The liberation of Strasbourg
November 1944 – January 1945
After rounding out its forces by incorporating FFI fighters, the 2nd Armoured Division, as part of the American 15th Army Corps (3rd and then 7th US Armies), were given the objective of taking Epinal. Starting on 12 September, a detachment from the division worked in liaison with elements of the 1st Motorised Infantry Division (former DFL). Leclerc pushed through to Vittel, Contrexéville and Dompaire. Baccarat was liberated on 30 October with the help of resistance fighters. Badonviller was liberated on 17 November.
The Mort-Homme Sherman tank of the 2nd Armoured Division, transformed into a memorial monument at the very spot where it was put out of action on 17 November 1944, in Badonviller. Source: GNU Free Documentation License
Leclerc prepared to cross the Vosges Mountains across the Saverne Pass to reach the Alsace Plain and Strasbourg. American General Haislip authorised Leclerc to push through to Strasbourg and to try to take Kehl Bridge intact. On 22 November, General Leclerc gave the order to take Strasbourg and, if possible, Kehl, on the other side of the Rhine, while continuing to monitor and hold the Saverne Pass and to keep an eye on the enemy reactions to the south.
Operation order from General Leclerc (22 Nov. 1944). Photo © Strasbourg Archives
The Guillebon group had to push to the south of Strasbourg, while the Langlade group, notably including the 12th Chasseurs d’Afrique regiment, had to take the north side of the city. The Dio group was to continue clearing out the Saverne Pass and ensure the flank guard to the north of the division. On 23 November, at 6.45 am, the groups started out. At 10 am, the first elements of the Rouvillois group commanding the 12th cuirassier regiment entered the Alsatian capital. At the start of the afternoon, the Massu sub-group did the same.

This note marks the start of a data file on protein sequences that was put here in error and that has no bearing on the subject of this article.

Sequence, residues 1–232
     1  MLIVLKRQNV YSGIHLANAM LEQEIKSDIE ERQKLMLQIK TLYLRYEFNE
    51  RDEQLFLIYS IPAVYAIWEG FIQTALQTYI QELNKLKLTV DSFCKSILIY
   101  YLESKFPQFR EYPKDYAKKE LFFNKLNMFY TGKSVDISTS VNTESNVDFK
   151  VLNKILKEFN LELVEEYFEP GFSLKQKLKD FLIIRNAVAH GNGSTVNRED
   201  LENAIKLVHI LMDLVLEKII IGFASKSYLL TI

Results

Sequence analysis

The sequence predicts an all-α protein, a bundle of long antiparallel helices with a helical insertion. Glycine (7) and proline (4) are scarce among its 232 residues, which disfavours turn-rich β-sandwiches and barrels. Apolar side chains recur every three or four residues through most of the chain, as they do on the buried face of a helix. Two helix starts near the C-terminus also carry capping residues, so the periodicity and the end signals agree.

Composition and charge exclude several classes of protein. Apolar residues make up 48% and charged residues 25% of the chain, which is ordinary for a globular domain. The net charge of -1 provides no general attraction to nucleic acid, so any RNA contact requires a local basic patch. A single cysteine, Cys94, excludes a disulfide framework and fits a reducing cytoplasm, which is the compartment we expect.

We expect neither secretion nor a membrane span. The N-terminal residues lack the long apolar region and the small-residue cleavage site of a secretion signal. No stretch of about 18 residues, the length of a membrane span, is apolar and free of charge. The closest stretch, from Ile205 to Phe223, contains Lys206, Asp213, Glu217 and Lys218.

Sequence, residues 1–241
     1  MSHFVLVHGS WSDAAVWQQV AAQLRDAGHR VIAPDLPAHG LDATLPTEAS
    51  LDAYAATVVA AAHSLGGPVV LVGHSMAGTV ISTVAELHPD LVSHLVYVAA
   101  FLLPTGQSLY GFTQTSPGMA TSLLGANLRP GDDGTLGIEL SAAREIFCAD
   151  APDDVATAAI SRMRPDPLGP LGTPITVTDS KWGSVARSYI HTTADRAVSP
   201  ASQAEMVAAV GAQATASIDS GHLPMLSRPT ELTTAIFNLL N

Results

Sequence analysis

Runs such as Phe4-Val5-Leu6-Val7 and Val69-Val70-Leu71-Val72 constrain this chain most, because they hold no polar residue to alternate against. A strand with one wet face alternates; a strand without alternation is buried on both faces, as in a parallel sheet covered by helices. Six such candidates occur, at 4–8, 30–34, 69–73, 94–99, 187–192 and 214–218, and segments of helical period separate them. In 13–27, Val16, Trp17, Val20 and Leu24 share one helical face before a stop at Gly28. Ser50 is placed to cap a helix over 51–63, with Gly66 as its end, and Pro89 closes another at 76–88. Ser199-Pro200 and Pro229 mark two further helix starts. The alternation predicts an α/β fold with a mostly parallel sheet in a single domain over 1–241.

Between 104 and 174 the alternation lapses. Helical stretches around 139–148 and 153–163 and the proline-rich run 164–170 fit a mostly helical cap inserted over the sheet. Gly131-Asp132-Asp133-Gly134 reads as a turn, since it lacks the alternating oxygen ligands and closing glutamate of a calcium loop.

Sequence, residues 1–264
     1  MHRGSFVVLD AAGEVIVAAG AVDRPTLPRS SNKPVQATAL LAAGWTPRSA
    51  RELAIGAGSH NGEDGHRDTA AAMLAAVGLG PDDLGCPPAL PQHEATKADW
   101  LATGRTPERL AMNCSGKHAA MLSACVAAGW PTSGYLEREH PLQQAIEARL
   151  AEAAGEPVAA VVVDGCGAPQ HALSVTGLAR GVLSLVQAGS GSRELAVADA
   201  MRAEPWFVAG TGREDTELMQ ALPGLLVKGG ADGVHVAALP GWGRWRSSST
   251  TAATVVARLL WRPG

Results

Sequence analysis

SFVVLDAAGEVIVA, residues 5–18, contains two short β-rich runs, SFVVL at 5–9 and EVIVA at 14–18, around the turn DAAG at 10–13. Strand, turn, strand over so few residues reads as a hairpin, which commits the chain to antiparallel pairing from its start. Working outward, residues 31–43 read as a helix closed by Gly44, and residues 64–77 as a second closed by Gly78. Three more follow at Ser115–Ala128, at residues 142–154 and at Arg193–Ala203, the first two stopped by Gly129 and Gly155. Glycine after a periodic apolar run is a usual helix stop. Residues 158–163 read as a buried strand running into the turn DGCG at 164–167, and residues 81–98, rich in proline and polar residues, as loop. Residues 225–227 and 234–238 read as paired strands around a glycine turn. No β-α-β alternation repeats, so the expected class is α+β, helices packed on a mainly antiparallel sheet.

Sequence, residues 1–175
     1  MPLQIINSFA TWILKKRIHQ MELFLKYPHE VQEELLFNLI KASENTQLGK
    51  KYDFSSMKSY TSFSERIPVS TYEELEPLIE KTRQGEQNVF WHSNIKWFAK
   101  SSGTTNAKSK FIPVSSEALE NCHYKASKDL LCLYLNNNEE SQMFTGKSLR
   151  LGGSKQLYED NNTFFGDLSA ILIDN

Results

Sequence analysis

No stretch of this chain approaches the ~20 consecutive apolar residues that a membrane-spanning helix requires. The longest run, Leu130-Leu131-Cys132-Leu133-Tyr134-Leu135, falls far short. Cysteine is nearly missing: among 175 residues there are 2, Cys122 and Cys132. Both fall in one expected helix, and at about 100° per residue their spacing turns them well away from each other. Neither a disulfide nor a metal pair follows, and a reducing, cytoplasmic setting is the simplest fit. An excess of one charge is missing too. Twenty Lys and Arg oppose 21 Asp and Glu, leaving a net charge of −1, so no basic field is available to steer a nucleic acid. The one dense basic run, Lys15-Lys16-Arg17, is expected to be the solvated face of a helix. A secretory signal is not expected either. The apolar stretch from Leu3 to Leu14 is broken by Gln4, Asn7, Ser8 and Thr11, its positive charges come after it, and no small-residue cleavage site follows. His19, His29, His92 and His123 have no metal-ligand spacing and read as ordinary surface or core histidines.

A Fusiliers Marins patrol looking for sharpshooters on the roofs. Photo © Strasbourg Archives
In a proclamation, Leclerc reminded the people of Strasbourg that liberating the capital of Alsace had been his obsession for three years. The liberation of Strasbourg was doubly symbolic. It fulfilled the Oath of Kufra, and it liberated the capital of Alsace, which had been annexed by the 3rd Reich.
Soldiers of the 2nd Armoured Division with young Alsatian women. Photo © Strasbourg Archives
But Leclerc was unable to take advantage of the situation to the south, where de Lattre had liberated Mulhouse. Furthermore, the Germans wanted to defend what they considered as part of the Reich’s territory at all costs. They prepared a counterattack that was supposed to push the Allies far away from the German border. On 16 December, they launched a vast offensive in the Ardennes. The Americans were caught off guard. On 31 December, a new phase of the German offensive was launched in Alsace, between Bitche and Saverne. On 5 January, Strasbourg was threatened by a German bridgehead at Gambsheim. General de Gaulle managed to convince the Americans to let the 3rd Algerian Division defend the city while American troops retreated to the Haguenau-Wingen line. On 9 January, the 10th Infantry Division, made up of FFI fighters, came to reinforce the forces.
Between the Ill River and the Rhine-Rhone canal, the German attack that began on 7 January pushed back the 1st Motorised Infantry Division, which suffered heavy losses. To the north, German tanks forced the Americans to pull back over the Moder, but on 22 January, an energetic intervention by the 2nd Armoured Division (under the orders of the 1st French Army) managed to stabilise the front some fifteen kilometres from the Alsatian capital, which nonetheless remained threatened by the Germans.
Meeting of French and American soldiers at Rouffach on 5 February 1945, after closing the Colmar Pocket. Source: U.S. National Archives and Records Administration
At the beginning of February 1945, to take the pressure off Strasbourg and northern Alsace, General de Lattre de Tassigny decided to resume his offensive against Colmar and its pocket of German defences.